reply to post by Aloysius the Gaul
Dear Aloysius the Gaul,
Thank you, thank you, thank you. You've opened the door to new thoughts with your post. I believe it's the best thing I've seen on ATS for a week
or two. I'm still a little excited. (But I wish I knew something about chemistry.) You've introduced me to CALTHRATES! Wait a minute, I've got
to calm down, then I can tell you what happened.
OK, I'm a little better.
I clicked on your link to Patent Analytics. Actually, I didn't get much out of the Welsbach patent. But I looked around, as is my wont, and saw
"Forward Cites" on the left hand portion of the page. The patent mentioned second from the bottom is this:
Method and apparatus for sequestering carbon dioxide in the deep ocean or aquifers
Well, you can see why I was very interested. I clicked on that patent (which you can do as well if you wish to follow along) and saw that it was a
device to create carbon dioxide calthrates from ocean water. No doubt, this has got you to the stage where you're squirming in your chair with
anticipation, and you're right to do so.
Just in case I have to refresh your memory a little, a carbon dioxide calthrate is one of many calthrates that can form when a light gas is combined
with water. Not combined chemically, but physically. It's attached, or rides along, so to speak. But as you'll recall it undergoes a phase change
and appears as a solid, tiny flakes looking like snow flakes. Now you can understand my interest, I'm sure.
The described device takes carbon dioxide from the ocean, which has absorbed it from various sources including human exhalation, and converts it to
tiny flakes which fall to the bottom of the ocean. Voila! carbon dioxide, the EPA's current favorite target, is taken out of the system.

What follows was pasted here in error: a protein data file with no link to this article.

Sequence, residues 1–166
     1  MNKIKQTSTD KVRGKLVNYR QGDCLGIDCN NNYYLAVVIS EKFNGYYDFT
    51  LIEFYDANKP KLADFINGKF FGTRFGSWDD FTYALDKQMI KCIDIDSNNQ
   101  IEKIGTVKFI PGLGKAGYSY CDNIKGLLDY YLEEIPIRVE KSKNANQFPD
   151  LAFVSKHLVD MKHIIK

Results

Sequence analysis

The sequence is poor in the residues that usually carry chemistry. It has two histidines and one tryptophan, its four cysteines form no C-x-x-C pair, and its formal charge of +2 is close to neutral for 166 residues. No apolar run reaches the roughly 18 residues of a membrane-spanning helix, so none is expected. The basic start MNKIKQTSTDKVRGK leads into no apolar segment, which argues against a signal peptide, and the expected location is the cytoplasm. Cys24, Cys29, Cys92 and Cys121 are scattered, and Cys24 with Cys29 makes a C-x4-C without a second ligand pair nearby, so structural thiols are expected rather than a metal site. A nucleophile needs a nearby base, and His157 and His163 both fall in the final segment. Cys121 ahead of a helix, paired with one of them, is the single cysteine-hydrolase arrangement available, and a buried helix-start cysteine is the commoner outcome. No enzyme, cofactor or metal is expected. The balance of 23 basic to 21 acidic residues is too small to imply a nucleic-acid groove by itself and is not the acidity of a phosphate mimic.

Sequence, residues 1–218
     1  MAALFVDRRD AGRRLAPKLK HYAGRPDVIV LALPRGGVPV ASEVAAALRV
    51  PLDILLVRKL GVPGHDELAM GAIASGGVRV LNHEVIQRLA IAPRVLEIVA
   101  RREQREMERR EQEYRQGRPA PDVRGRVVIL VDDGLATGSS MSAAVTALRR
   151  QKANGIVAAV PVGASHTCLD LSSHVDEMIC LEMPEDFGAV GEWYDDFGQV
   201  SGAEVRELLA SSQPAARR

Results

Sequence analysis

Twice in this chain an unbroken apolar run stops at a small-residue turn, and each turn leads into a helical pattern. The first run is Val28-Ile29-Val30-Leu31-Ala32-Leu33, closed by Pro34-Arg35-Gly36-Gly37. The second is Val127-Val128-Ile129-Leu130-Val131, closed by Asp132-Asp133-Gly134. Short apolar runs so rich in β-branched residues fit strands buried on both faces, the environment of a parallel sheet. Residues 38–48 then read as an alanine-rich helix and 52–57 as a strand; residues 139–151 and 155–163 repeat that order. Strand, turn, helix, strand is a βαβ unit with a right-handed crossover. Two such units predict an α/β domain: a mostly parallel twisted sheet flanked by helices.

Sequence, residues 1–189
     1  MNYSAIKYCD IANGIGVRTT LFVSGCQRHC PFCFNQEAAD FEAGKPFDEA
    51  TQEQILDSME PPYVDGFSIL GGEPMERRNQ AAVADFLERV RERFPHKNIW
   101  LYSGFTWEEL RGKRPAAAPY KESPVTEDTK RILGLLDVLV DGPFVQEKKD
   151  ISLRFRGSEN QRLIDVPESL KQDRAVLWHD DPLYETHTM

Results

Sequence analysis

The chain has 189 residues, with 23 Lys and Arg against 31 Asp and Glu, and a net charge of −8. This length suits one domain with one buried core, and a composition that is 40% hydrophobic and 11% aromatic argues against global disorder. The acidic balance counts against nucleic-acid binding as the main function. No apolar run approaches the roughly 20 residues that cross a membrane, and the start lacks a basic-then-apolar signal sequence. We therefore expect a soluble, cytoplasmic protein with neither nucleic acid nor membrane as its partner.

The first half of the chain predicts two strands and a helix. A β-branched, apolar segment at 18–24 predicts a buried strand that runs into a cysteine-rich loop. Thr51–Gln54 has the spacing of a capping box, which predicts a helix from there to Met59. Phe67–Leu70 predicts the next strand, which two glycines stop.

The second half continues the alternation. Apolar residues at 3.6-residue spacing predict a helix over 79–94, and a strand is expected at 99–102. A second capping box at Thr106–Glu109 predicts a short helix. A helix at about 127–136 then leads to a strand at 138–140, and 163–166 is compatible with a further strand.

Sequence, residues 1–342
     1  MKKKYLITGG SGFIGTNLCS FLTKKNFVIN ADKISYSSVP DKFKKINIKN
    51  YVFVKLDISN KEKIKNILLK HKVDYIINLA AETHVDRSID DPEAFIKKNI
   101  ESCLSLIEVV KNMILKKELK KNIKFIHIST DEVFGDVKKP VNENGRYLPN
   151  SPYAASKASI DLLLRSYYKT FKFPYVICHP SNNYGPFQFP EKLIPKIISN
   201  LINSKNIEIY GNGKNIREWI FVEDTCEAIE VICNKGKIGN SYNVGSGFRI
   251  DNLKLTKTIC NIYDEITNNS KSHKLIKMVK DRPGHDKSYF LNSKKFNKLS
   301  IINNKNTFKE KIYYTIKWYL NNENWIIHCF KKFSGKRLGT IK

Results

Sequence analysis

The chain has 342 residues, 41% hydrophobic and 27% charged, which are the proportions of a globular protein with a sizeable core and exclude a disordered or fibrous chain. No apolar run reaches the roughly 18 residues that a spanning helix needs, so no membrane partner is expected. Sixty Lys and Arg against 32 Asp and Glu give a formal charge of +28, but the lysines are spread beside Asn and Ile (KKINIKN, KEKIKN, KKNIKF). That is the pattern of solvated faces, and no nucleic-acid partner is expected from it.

But, is all peaches and cream? I sense a cloud. Have there been studies on what the effect of utilization of this device will have on oxygen levels?
There must be some work done in this area, if there hasn't been already.
That is not all, however. There are calthrates other than carbon dioxide, for example methane calthrates. Here, I'll let wiki explain methane
Clathrates have been found to occur naturally in large quantities. Around 6.4 trillion (i.e. 6.4x1012) tonnes of methane is trapped in deposits of
methane clathrate on the deep ocean floor. Such deposits can be found on the Norwegian continental shelf in the northern headwall flank of the
Storegga Slide. Clathrates can also exist as permafrost, as at the Mallik gas hydrate field in the Mackenzie Delta of northwestern Canadian Arctic.
These natural gas hydrates are seen as a potentially vast energy resource, but an economical extraction method has so far proven elusive. . . . Deep
sea deposition of carbon dioxide clathrate has been proposed as a method to remove this greenhouse gas from the atmosphere and control climate change.
Not only can clathrates be a huge source of natural gas, they can remove CO2 from the air when we burn the methane thus obtained.
Now, before you get all excited and rush off for the champagne to celebrate, remember we have to think through the long term effects of our
interfering in the O2 - CO2 cycle.
As I said, thank you for your amazing post. Anything I can do for you, just ask!